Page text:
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As China’s influence grows, Malaysia’s wounds over 1969 race riots heal slowly

As China’s influence grows, Malaysia’s wounds over 1969 race riots heal slowly
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“Everyone [is] just going about their business, but beneath the everyday hum of activity is a problem that we still have not dealt with,” said amateur historian and researcher Ashaari Azman Shah.

For Ashaari, May 13 is deeply personal: it started at the house of his grandfather Harun Idris, a former chief minister of Selangor state, where Kuala Lumpur is located. His grandfather’s name has been tied to the incident ever since.

Congregating at Harun’s house following a disputed election result, a crowd clashed with supporters of Chinese parties during a victory parade in a Malay-majority village, sparking a wave of violence that ripped across the nation.

Now, framed by a gleaming modern city skyline dominated by the Petronas Twin Towers, Kampung Baru stands as a symbolic reminder of the risks that could unravel Malaysia’s multicultural society.

Residents return to their destroyed homes in Kuala Lumpur after riots between the Malays and ethnic Chinese in 1969. Photo: Bettmann Archive

Resentments that led to the riots in 1969 arose from the perception among some Malays of the Chinese community’s overwhelming economic dominance. The huge wealth disparity between the country’s two largest communities has not changed more than 50 years later.

This is despite Malays accounting for 60 per cent of the country’s 33 million people and having control over politics, bolstered by a constitution that guarantees their special rights over other racial groups.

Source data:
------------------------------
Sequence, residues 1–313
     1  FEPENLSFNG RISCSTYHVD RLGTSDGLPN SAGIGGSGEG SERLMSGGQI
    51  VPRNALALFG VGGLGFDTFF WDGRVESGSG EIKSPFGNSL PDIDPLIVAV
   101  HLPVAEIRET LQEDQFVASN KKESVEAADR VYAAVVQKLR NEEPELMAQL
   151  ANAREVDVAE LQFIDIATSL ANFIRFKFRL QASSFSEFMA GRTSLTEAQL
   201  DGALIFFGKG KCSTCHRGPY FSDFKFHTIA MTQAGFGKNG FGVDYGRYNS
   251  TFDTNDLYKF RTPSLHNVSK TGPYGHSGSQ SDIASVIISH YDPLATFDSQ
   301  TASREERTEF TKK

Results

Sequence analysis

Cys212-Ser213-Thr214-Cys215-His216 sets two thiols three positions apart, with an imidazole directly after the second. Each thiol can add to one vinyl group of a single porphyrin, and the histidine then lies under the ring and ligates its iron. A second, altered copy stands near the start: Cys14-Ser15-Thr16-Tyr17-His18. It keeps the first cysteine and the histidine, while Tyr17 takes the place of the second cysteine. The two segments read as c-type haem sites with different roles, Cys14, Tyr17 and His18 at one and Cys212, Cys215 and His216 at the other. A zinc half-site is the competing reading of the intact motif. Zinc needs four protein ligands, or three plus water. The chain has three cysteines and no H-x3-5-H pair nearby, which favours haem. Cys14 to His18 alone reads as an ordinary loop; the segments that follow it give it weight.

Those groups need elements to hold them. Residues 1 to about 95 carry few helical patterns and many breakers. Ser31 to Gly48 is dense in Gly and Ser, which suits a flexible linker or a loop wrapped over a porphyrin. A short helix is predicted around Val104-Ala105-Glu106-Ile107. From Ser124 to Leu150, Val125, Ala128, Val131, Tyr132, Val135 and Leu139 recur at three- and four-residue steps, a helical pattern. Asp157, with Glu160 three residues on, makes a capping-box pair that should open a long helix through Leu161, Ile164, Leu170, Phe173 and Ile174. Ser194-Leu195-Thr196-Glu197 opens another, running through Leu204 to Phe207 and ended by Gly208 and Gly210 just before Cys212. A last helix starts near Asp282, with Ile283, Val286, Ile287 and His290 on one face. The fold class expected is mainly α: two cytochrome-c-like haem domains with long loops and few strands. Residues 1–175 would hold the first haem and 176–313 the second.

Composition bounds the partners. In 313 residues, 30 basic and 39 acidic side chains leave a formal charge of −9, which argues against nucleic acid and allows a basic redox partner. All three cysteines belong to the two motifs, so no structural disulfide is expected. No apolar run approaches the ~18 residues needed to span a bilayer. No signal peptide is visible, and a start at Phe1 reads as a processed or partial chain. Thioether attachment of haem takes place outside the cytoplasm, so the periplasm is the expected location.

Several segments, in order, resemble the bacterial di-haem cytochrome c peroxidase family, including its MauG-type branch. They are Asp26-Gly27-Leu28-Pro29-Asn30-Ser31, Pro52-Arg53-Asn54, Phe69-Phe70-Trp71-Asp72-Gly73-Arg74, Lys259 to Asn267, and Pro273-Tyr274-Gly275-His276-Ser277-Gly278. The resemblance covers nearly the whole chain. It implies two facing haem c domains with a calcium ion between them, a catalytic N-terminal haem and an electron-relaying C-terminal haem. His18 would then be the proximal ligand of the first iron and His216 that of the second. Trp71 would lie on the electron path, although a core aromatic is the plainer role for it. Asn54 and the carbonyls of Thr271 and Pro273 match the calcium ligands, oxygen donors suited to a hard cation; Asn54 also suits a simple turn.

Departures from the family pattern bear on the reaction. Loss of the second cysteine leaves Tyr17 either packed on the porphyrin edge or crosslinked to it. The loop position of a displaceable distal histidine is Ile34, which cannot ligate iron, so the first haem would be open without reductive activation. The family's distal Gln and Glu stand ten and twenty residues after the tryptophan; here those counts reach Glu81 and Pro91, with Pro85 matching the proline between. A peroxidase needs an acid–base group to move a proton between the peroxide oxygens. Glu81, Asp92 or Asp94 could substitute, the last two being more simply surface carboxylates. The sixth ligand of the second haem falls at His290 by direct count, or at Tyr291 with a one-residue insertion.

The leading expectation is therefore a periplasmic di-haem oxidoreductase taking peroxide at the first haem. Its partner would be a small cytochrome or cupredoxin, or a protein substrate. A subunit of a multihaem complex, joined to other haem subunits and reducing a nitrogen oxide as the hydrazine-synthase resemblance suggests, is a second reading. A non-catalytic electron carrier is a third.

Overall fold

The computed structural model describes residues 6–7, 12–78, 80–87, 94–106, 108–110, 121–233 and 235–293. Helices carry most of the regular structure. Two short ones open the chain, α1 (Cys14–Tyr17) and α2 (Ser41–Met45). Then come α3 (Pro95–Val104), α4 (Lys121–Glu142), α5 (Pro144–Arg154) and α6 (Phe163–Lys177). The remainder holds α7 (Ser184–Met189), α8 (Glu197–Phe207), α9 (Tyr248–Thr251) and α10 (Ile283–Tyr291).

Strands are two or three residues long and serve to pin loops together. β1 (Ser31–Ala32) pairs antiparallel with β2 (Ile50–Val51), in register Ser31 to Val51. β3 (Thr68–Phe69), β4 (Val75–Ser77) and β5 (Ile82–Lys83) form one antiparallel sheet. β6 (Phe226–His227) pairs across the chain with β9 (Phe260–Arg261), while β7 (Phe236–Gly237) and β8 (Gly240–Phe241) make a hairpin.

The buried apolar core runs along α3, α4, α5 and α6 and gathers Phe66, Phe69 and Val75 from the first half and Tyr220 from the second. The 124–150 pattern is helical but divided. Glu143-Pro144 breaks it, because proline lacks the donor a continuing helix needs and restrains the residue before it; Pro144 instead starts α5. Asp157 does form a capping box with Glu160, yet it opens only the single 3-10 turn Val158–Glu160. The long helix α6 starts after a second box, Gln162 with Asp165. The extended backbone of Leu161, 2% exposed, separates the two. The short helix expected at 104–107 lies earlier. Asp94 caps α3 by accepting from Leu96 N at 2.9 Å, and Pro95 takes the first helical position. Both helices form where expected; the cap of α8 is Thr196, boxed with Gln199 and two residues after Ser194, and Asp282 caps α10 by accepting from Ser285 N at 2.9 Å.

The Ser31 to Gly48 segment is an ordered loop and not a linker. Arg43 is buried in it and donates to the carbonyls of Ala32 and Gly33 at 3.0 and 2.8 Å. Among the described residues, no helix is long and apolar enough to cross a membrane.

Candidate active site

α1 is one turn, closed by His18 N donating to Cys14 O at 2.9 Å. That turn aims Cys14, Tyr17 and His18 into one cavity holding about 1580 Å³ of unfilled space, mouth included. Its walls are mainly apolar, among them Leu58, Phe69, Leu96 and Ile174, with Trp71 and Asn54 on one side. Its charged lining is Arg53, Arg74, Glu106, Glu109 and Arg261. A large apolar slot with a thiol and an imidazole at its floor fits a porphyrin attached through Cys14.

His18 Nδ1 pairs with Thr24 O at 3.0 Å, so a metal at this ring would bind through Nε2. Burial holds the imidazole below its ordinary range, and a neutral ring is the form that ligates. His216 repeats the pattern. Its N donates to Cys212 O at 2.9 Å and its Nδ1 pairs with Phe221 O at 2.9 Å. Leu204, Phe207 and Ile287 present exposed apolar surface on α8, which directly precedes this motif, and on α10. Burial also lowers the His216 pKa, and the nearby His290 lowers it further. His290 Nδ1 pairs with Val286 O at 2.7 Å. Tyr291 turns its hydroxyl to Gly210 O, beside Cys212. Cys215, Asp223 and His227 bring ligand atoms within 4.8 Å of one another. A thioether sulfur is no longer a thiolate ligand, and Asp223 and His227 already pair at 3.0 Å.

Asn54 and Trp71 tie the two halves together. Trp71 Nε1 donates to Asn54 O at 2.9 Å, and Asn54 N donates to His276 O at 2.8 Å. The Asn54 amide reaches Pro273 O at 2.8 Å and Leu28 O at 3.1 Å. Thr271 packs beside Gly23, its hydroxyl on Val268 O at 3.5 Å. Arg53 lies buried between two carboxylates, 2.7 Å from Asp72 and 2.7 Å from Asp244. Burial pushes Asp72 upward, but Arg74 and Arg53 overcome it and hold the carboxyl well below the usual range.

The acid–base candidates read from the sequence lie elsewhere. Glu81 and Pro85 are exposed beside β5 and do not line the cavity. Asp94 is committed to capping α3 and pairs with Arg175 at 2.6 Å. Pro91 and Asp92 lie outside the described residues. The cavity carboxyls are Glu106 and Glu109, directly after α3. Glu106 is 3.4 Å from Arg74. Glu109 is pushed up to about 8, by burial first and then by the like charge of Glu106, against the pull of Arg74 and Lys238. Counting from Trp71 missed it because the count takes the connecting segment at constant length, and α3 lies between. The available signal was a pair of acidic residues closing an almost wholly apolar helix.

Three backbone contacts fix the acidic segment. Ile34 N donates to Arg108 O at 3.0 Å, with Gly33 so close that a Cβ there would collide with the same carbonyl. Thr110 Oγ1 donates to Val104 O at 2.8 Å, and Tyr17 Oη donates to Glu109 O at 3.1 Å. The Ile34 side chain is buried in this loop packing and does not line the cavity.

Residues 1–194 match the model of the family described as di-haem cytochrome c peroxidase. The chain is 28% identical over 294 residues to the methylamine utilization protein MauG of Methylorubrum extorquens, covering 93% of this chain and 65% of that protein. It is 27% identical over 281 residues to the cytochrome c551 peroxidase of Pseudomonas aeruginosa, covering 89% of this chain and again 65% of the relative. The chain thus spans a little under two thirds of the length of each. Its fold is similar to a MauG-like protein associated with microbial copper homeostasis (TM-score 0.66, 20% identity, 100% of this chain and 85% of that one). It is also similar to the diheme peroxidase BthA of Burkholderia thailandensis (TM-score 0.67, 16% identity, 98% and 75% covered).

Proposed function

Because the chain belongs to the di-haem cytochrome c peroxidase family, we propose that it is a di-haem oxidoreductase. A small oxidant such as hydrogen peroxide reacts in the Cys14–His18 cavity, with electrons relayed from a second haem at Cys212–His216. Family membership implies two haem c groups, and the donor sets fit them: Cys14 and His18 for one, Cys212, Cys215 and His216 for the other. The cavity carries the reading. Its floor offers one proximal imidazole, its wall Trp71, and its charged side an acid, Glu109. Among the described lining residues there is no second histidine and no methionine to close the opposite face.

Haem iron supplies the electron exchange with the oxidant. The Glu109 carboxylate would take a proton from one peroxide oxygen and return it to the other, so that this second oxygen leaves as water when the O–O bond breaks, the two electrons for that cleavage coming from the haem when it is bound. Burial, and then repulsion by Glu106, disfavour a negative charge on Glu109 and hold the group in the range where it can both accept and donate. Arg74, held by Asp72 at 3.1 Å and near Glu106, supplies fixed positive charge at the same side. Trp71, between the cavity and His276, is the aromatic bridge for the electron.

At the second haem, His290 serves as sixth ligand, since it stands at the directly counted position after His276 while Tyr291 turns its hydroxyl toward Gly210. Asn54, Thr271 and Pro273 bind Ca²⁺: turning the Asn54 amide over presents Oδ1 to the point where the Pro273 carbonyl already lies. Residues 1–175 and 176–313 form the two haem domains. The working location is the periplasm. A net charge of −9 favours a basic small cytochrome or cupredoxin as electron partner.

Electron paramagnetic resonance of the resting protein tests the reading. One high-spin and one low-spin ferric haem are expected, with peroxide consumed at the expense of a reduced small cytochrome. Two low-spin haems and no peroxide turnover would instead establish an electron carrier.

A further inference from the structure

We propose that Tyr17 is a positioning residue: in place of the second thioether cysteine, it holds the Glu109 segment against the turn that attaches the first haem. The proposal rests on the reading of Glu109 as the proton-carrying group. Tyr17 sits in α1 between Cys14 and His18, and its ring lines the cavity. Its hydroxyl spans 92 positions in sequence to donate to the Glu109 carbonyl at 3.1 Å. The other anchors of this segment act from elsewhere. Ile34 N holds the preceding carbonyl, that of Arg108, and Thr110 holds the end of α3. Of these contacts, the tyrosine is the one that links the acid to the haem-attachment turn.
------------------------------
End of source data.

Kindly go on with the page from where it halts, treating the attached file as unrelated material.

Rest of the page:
The New Economic Policy introduced in 1971 to restructure Malaysia’s socio-economic landscape has failed to achieve its goals, with 42 of the top 50 richest Malaysians being ethnic Chinese, according to a Forbes report last year.

Crafted as a short-term measure, the New Economic Policy has become entrenched and is still in place today, making any debate for its removal a non-starter.

Malay special rights – as enshrined in Article 153 of the country’s constitution – continue to leave a sour taste for the Chinese, Indian and other ethnic communities in the ostensibly multiracial nation, made worse by a tilt towards Malay nationalism by the ruling political parties in recent years.

May 13 is still invoked by supporters of Malay conservative factions. In 2022, several provocative videos warned of a repeat of the violence, as Malays apparently risked losing their political dominance to ethnic Chinese.

Present-day politicians have “learned nothing” from their predecessors, Ashaari told This Week In Asia, and there has not been any “conscious and concerted attempt to reconcile” both communities.

“The result is that old animosities are always within reach [with] the tension rising and falling depending on the political debate. These factors remain a problem until today.”

A view of Kampung Baru Sungai Buloh, Selangor, Malaysia. Photo: Shutterstock

Together, apart

Just five years after the riots, then Malaysian Prime Minister Abdul Razak Hussein flew to China and shook hands with its leader Mao Zedong, as Malaysia became one of the first countries in Southeast Asia to formalise relations with Beijing.

The bilateral relationship has endured since the historic meeting, bolstered by China’s economic rise. Beyond trade, ethnic Chinese from both countries have also forged cultural links.

“China is now the No 1 trading country with Malaysia,” Malaysian political analyst James Chin said. “A lot of our economic prosperity is tied to China, and the Malay establishment understands this.”

As the Covid pandemic started ravaging the world in 2020, the Malay proverb “Bukit sama didaki, lurah sama dituruni” (Together up the hill, together down the ravine) was printed on boxes of face masks donated by the Chinese embassy in Malaysia.

A favourite saying of then-ambassador Bai Tian, he uttered the proverb in Malay in a speech in 2020 commemorating the 46th anniversary of the establishment of diplomatic relations between the two nations in 1974.

“[Through] ups and downs, China-Malaysia relations have remained strong and stable,” Bai said.

While present-day Malaysia and China came into existence after the chaos of World War II, the rise of national movements and the slow decolonisation of the Malay Peninsula, relations between people from both sides date back to the 14th century.

A poster for “Tanda Putera” at a cinema in Putrajaya in 2013. The film has triggered debates about Malaysia’s May 13 riots. Photo: Reuters